One difference to normal collection classes is that DCollection implementation classes are persistence capable classes itself. This means that they can be persisted - e.g. see named objects example. Mandatory is that all containing objects are persistence capable itself.

When persisting a DCollection object OJB first lock the collection entries, then the collection itself was locked. On commit the collection entries will be handled in a normal way and for each entry a link object (containing the Identity of the persistence capable object) is persisted.

When lookup the persisted DCollection object the link objects are materialized and on access the collection entry will be materialized by the identity.

Foreign Keys Constraints and ODMG-api

If cross-referenced database tables are used it's recommended to set foreign key constraints to guarantee database consistency. The consequence of using foreign key constraints is that the order of the persistence capable objects on insert and delete operations will become cruical.

Some databases support deferred constraint checks, this can help to avoid foreign key issues.

On transaction commit (using standard settings) OJB try to order the objects by itself. If this doesn't suffice it's possible to determine the object order "by hand".

If foreign key constraint violations arise when using 1:1 references and circular/bidirectional 1:1 references it's possible to use a workaround introduced in version 1.0.4 to specify the database FK constraint in OJB using a custom attribute named 'constraint':

<reference-descriptor name="refAA"
    <foreignkey field-ref="fkId"/>
    <attribute attribute-name="constraint" attribute-value="true"/>

Questions and Tips

Disable OJB's object ordering, determine object order "by hand"

By default OJB try to order all persistent objects on transaction commit call to avoid ordering problems. If this is not needed or helpful it can be disabled in two ways.
In most cases it's needed to disable implicite locking too, because it will lock/register dependend objects (e.g. 1:n references) automatically. First in OJB.properties file:

# Enable/Disable OJB's persistent object ordering algorithm on commit
# of a transaction. If enabled OJB try to calculate a valid order for
# all new/modified objects (and referenced objects).
# If the used databases support 'deferred checks' it's recommended to use this
# feature and to disable OJB's object ordering.
# This setting can be changed at runtime using OJB's ODMG extensions.

Second at runtime, using OJB's ODMG extension classes ImplementationExt (global setting) and TransactionExt (per tx setting).

TransactionExt tx = (TransactionExt) odmg.newTransaction();
we want to manually insert new object, so we disable
OJB's ordering and implicit object locking

Circular- and Bidirectional References

The good news, OJB can handle bidirectional- and circular- references. When using foreign key constraints for referential integrety in these cases you have to pay attention.

In OJB test-suite a unit test called org.apache.ojb.odmg.CircularTest can be found. The tests show the handling of circular/bidirectional references and the possibilities how to handle object insert/update/delete ordering on transaction commit.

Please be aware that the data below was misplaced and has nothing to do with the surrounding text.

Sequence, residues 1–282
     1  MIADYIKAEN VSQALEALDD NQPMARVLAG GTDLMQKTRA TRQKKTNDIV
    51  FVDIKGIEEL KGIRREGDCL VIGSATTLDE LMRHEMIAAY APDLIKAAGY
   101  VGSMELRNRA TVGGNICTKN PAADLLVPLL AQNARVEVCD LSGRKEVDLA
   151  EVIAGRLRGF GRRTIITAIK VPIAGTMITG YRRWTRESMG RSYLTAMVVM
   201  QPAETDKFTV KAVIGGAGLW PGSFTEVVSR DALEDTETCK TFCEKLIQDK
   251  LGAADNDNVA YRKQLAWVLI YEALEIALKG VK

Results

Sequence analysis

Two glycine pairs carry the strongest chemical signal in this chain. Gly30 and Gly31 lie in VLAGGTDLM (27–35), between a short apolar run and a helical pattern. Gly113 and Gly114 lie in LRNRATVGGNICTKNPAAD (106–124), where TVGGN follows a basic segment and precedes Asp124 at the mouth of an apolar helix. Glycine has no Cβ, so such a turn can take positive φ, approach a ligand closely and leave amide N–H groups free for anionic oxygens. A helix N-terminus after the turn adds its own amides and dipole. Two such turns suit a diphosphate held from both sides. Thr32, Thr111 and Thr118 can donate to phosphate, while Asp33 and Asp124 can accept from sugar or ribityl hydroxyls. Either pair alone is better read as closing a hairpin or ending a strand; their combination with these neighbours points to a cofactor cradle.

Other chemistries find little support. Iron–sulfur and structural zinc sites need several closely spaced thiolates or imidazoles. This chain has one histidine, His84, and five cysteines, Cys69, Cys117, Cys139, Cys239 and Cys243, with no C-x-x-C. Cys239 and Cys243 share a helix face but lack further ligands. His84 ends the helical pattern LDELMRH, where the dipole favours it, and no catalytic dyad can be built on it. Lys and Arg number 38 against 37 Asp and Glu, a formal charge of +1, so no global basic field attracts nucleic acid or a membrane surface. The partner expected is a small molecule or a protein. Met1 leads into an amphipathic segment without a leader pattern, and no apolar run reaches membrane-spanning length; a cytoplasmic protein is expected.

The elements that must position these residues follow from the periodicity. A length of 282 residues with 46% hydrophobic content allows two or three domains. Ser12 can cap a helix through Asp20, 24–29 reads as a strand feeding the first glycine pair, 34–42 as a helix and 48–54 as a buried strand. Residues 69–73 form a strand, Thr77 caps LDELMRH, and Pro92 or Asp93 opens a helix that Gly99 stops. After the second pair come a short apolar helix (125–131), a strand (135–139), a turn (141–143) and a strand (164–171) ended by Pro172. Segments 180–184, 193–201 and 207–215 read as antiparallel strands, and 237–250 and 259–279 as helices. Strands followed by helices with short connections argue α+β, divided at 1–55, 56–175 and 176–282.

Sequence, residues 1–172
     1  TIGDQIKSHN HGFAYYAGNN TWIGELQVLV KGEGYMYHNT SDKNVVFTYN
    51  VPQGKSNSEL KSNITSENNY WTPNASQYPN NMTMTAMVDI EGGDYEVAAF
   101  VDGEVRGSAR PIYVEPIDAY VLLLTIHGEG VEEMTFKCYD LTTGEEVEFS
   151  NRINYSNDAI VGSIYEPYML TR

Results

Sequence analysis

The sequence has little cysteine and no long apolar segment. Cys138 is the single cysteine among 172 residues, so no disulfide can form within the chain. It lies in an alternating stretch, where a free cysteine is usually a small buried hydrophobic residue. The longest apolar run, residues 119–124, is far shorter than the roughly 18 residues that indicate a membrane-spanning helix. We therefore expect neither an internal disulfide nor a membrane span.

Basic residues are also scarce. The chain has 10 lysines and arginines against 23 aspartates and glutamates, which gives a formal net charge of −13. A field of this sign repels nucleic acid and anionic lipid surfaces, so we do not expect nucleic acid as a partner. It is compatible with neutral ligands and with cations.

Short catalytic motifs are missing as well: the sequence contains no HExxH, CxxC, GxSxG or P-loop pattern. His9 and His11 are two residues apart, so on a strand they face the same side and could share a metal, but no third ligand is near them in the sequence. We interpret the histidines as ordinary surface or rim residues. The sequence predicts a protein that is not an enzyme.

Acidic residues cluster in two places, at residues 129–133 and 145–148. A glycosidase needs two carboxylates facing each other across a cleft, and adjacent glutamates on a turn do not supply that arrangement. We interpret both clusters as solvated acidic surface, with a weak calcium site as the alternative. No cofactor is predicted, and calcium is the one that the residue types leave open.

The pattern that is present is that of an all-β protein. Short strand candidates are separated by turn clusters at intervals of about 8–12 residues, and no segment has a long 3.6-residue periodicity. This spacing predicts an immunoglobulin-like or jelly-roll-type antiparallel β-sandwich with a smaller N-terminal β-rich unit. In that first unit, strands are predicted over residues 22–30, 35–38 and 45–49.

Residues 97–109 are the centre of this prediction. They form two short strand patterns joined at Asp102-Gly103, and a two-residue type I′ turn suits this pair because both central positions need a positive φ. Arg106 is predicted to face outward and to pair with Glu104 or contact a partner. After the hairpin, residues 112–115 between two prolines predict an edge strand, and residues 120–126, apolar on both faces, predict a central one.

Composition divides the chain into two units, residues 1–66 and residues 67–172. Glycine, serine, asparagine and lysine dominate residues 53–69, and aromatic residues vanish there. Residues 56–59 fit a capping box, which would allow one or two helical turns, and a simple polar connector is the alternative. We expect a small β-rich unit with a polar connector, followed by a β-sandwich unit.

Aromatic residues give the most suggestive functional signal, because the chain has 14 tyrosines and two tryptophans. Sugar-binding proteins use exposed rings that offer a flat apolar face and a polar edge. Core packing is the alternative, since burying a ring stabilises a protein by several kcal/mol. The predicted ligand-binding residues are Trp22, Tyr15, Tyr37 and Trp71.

I don't like OQL, can I use the PersistenceBroker Queries within ODMG

Yes you can! The ODMG implementation relies on PB Queries internally! Several users (including myself) are doing this.

If you have a look at the simple example below you will see how OJB Query objects can be used withing ODMG transactions.
The most important thing is to lock all objects returned by a query to the current transaction before starting manipulating these objects.
Further on do not commit or close the obtained PB-instance, this will be done by the ODMG transaction on tx.commit() / tx.rollback().

TransactionExt tx = (TransactionExt) odmg.newTransaction();
// cast to get intern used PB instance
PersistenceBroker broker = tx.getBroker();
// build query
QueryByCriteria query = ...
// perform PB-query
Collection result = broker.getCollectionByQuery(query);
// use result


Note: Don't close or commit the used broker instance, this will be done by the odmg-api.

How to use multiple Databases

For each database define a jdbc-connection-descriptor same way as described in the FAQ.

Now it is possible to

  • access the databases one after another, by closing the current used Database instance and by open a new one.

    // get current used database instance
    Database database = ...;
    // close it
    // open a new one
    database = odmg.newDatabase();
    database.open("jcdAliasName#user#password", Database.OPEN_READ_WRITE);

    The Database.close() call close the current used Database instance, after this it is possible to open a new database instance.

  • use multiple databases in parallel, by creating a separate Implementation and Database instance for each jdbc-connection-descriptor defined in the mapping metadata.

    Implementation odmg_1 = OJB.getInstance();
    Database database_1 = odmg.newDatabase(); 
    database.open("db_1#user#password", Database.OPEN_READ_WRITE);
    Implementation odmg_2 = OJB.getInstance();
    Database database_2 = odmg.newDatabase();
    database.open("db_2#user#password", Database.OPEN_READ_WRITE);

    Now it's possible to use both databases in parallel.


OJB does not provide distributed transactions by itself. To use distributed transactions, OJB have to be integrated in an j2ee conform environment (or made work with an JTA/JTS implementation).

by Armin Waibel